Behind The Scenes
— MEASURING UP — Costume designer Colleen Atwood had her work cut out for her when it came to creating the costumes for Mia Wasikowska’s ever-changing Alice. The character wears a variety of different garments, including one purportedly made from the Red Queen’s curtains and even armor. Atwood had to find fabric in different scales, and construct costumes for Mia that would help illustrate her size changes.
— ON WITH HIS HEAD — Crispin Glover portrays Stayne, the Knave of Hearts, in the film, but only his head appears on screen. The body of the character, who’s seven-and-a-half feet tall, is computer generated. On set, Glover wore a green suit and a pair of stilts to make him taller. His face was fully made up for the role (complete with an eye patch and scar). For the final film, Stayne’s entire costume, body and even his cape are CGI. Only his face is real.
— ON WITH HER FACE — Helena Bonham Carter endured three hours of makeup each morning to transform into the fiery Red Queen. With the help of makeup pro Vallie O’Reilly, the actress was decked out in white powder, lots of blue eye shadow, painted eyebrows and perfect, heart-shaped bow-mouth lips. The special effects team enlarged Bonham Carter’s head in post production, creating the final look for the big-headed Queen.
— SOLE SURPRISE — Costume designer Colleen Atwood added a red heart to the soles of the Red Queen’s shoes, visible when the pampered royal places her feet on a live pig-turned-footrest.
— STILT TROUBLE — After Crispin Glover, who spent much of his time on stilts during production, twisted his ankle filming one particular scene, he was often followed on set by stuntmen all dressed in green who were there solely to catch him in case he fell again.
— CARROT CAPPERS –Tim Burton wanted the animal characters in Wonderland to appear real rather than cartoony. So before creating the White Rabbit, animators spent a day at a rabbit shelter for abandoned rabbits, observing the animals and shooting photo reference footage to ensure they captured the nuances of rabbits chewing and wriggling their noses.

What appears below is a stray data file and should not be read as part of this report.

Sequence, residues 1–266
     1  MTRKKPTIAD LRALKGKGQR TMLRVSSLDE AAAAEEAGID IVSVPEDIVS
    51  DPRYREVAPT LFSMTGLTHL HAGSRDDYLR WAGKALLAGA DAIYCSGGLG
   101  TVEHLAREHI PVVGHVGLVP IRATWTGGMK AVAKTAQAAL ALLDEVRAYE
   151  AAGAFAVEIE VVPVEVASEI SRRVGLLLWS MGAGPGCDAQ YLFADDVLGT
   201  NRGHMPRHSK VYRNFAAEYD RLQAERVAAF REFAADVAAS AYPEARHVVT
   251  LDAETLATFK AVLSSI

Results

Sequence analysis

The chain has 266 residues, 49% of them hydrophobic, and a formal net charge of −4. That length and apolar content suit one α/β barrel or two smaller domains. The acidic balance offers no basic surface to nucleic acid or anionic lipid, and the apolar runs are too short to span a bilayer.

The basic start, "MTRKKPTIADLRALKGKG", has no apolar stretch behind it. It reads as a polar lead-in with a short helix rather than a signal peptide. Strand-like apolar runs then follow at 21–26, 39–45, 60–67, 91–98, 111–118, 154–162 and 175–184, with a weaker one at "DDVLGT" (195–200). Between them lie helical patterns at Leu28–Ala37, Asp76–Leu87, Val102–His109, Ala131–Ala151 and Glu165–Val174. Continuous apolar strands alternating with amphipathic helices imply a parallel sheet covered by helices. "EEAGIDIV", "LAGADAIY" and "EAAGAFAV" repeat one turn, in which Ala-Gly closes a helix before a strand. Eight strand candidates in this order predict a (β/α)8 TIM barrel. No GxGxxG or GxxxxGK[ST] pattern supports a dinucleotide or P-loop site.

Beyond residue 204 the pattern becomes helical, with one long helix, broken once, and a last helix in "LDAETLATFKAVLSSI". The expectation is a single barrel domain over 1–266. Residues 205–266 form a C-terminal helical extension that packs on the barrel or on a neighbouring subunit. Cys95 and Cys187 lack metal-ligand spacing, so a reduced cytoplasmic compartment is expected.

— 2D to 3D — Director Tim Burton decided to shoot the film in 2D and convert it later to 3D. The director was so impressed with the results of the conversion of his film “The Nightmare Before Christmas” to 3D, he opted to go a similar route for “Alice.”
— SUPER SFX SUPERVISOR — Tim Burton turned to legendary special effects guru Ken Ralston and Sony Imageworks to create the wondrous world of Wonderland and its inhabitants. Ralston (whose credits include the original “Star Wars,” as well as “Forrest Gump” and “The Polar Express”) and his team completed more than 2,500 visual effects shots in total. While the team used a combination of live action, animation and a host of other effects techniques, motion capture technology was not tapped for the film.
— IN THE GREEN — To represent the digital characters on set, the production used either cardboard cut outs, full-size models or else resorted to men in green with eyes stuck to various parts of the anatomy to help the actors with their eyelines and to give them something real to react to.
— HAIR-RAISING — When the animators were looking at reference photography of real caterpillars, they noticed they had hair on them. So Absolem the Caterpillar was treated to his very own CG fuzz.
— THE REAL STUFF — Very few real sets were built for Wonderland. In fact, only three versions of the Round Hall (where Alice ends up after falling down the rabbit hole) and the Red Queen’s dungeon were practical sets. The rest were created digitally.
— EYES HAVE IT — The Mad Hatter’s eyes were slightly enlarged making them between 10 and 15 percent bigger than Johnny Depp’s own.
— HIT THE NET — When the animators began to design the Dodo, their first port of call for reference was Google Image Search, followed by London’s Natural History Museum.
— BIG HEAD — A special 4K hi-def camera called a Dulsa with 4,000 lines of resolution was used to shoot Helena Bonham Carter’s Red Queen to enable her head to be blown up to twice its size in post-production without losing any image quality.
SOURCE: Walt Disney Pictures
Walt Disney Pictures